1 Investor Relations Newsletter 1/2014 Expertise that s our DNA and our branding! DVB s Aviation Finance is certainly different from other aviation banks. In the following interview Bertrand Grabowski, Member of DVB s Board of Managing Directors covering Aviation, talks about the markets, risk scenarios, market players, advanced technology, abundant liquidity, possible turbulences and how to do business cross cycles. His key message was and remains: it s all about asset expertise. Interview by Elisabeth Winter, Head of Group Corporate Communications Bertrand, your Aviation platform has meticulously been built since Today, what is the major rationale behind this unique approach? The rationale behind our approach is reflected in our strategy. We want to remain a solution provider for everyone in the aviation industry: may it be owners, operators, lessors, or maintenance and part-out specialists. So, anyone dealing with aircraft could see and will see DVB as a solution provider. That's a philosophy which helps us to build this unique platform. What are the supporting pillars of this franchise this year and beyond? There are three supporting pillars: team work, discipline, but the strongest differentiator remains our asset expertise. Asset expertise spreads across all Aviation Finance teams not only in relationship management, but also in all support functions. If it comes to our structured lending business, obviously asset expertise is the critical factor in our decision-making process. And as said before, our expertise is the most noticeable differentiator from our competition it is our DNA, part of our global branding supported by our Aviation Research and our Aviation Asset Management teams.
2 2 Aviation Finance Integrated platform solutions Structured Asset Financing Advisory Services Equity & Debt Capital Markets Aviation Asset Management Aero Engine Financing & Engine Asset Management Private Equity Sourcing & Investments Risk Distribution Asset & Market Research Aviation Relationship & Lending What are the major risks for the global aviation industry (or in the global aviation industry) at this point in time and how does our Aviation Finance division mitigate these challenging factors? Yes indeed, there are some major risks and to mitigate them is what we are paid for. If you look at the industry s profitability in the past eight years, you will realise that there were some good years and 2014 will probably turn out to be one with the industry making as much as US$19 billion. But there were also some very, very bad years like in 2008, when the industry lost about US$26 billion. So the platitude, worth repeating sometimes, is to say that there are significant variations of profitability and asset values across the cycles. This is the environment in which DVB has to navigate. Many factors can contribute to amplify the natural industry cycle. I will only select three of them: Firstly, the oil price: an airline s exposure to oil price of course depends on the carrier s business model either focussed on cargo or on passengers. But fuel represents a minimum of 35% of the total operating costs. So, all airlines are highly dependent on the price of jet fuel. If the pricing of this commodity varies only by a few dollars, say 10%, all the industry s profit for the respective business year might be gone. Secondly, the accelerated technological progress can create some turbulence for the asset values of aircraft. In a nutshell: technological change can be a risk or an opportunity: It s an opportunity for those market participants who buy a fuel-efficient aircraft at the right price because it provides the right cushion against an hike in oil price. It's a risk for the leasing industry and the airlines which want to refleet by disposing old aircraft and see the value of those going South quicker that they thought. As a lessor or as a carrier, if you cannot sell old kit at a reasonable price, you will need more equity to invest to cover your Capex.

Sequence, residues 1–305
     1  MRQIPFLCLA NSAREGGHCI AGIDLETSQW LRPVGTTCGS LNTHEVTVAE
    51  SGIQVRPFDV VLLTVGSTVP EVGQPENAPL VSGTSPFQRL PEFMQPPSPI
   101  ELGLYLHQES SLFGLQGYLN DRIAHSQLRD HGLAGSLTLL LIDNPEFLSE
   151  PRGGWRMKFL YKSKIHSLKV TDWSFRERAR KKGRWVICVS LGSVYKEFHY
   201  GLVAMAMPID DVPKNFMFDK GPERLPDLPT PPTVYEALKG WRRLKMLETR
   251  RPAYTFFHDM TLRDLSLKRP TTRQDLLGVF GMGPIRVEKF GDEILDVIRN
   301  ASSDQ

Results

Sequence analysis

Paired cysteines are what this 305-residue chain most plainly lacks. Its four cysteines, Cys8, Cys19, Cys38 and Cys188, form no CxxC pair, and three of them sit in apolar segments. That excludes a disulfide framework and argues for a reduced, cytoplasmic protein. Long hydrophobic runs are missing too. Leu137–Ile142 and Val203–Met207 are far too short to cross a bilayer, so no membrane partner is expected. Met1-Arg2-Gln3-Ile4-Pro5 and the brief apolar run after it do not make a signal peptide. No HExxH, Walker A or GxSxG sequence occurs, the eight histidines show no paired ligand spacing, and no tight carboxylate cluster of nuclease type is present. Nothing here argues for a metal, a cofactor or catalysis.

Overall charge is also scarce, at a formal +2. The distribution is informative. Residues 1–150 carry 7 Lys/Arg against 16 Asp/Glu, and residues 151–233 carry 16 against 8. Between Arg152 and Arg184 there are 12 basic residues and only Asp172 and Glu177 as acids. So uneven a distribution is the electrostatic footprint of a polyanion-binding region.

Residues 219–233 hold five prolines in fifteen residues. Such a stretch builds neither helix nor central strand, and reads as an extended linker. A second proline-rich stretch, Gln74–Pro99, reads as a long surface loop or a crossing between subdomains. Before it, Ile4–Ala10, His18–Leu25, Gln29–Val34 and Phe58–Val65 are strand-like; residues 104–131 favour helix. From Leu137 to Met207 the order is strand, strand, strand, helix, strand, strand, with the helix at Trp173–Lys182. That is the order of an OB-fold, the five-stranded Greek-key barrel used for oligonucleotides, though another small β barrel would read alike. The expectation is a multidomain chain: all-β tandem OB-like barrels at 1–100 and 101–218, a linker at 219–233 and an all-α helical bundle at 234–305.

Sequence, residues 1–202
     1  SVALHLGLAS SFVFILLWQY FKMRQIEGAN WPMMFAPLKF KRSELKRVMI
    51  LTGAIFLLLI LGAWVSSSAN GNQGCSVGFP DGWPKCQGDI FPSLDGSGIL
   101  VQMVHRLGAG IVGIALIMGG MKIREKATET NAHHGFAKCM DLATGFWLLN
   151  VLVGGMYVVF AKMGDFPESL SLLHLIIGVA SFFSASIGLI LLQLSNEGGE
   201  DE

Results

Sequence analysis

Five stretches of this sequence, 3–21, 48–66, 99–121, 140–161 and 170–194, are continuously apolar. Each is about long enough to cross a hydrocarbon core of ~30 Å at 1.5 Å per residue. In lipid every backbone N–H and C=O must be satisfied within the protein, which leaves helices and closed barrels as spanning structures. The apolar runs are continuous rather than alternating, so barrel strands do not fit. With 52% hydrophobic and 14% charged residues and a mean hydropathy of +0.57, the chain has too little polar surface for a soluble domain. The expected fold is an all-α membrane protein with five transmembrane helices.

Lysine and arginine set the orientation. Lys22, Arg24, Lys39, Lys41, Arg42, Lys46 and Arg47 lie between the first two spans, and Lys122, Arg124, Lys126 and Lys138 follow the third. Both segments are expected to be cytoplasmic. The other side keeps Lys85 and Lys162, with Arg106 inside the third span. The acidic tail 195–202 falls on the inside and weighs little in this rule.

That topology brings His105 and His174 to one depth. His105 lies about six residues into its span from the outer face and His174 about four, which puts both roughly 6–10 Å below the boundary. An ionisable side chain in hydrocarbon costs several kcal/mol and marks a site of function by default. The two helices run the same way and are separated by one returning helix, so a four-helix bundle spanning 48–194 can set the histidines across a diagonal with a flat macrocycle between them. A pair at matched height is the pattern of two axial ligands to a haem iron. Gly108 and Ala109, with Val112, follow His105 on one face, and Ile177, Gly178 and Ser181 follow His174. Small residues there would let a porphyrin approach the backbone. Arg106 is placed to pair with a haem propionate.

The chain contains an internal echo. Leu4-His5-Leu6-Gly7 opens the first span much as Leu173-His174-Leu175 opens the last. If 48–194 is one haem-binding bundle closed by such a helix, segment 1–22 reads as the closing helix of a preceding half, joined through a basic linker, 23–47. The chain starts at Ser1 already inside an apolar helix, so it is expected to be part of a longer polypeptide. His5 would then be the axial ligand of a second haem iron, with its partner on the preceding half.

3 3 Bertrand Grabowski, Member of the Board of Managing Directors: We need to be extremely disciplined in accepting the appropriate evaluation of the asset to be financed... The third major risk is what I call a black swan event macro-significant events, which can actually disrupt the normal growth of the aviation industry, like the SARS epidemic (or Ebola), or terrorist attacks like 11 September 2001 or war situation (Ukraine) or the eruption of a volcano with an unpronounceable name. How do we mitigate these risks? We need to be extremely disciplined in accepting the appropriate evaluation of the asset to be financed and here we go again: we need indepth asset expertise across the platform. The consequence of our disciplined approach is actually a commonplace we should accept losing some deals. Let me clarify further: losing deals doesn t mean that our platform is not performing. On the contrary, it is an intelligent, forward-looking, circumspective and prudent reflection of the market situation which is currently overflowing with abundant liquidity. This is how we avoid taking unnecessary risk at the time we see some sign of an irrational exuberance in many market segments. This contrarian view is paying off: the level of provision at Aviation is extremely modest, and the two best years we had in terms of production were 2008 (when the industry lost almost US$30 billion) and 2011 (at the height of the so-called euro crisis). At the moment are there also any particular bright spots for the aviation industry? Yes, there are some bright spots. If you look at the macro-picture, the airline industry is profitable as it has never been before. Again, I know it sounds like a ridiculously low figure by any standard but probably the airline industry will make approximately a 4% operating margin this year, which is extraordinary in this industry. So, profitability is here. Meanwhile, our core clientele, the lessors, which represent approximately half of the business we originate, are very profitable, with an operating margin three or four times of airlines, at least so far. The other bright spot is that US carriers are more disciplined than in any previous year regarding the increase of capacity. This more prudent approach is starting to prevail in Europe as well, with some exceptions though (Norwegian etc). Capacity discipline helps to propel the yield and load factor to the right place. The third bright spot clearly is the investors appetite to look at the aviation business: with a transaction volume of new deliveries nearly doubling from approximately US$60 to US$65 billion in 2007 to US$100+ billion in 2013, it has become a very scalable business. There is a lot of interest from investors and this is of course positive.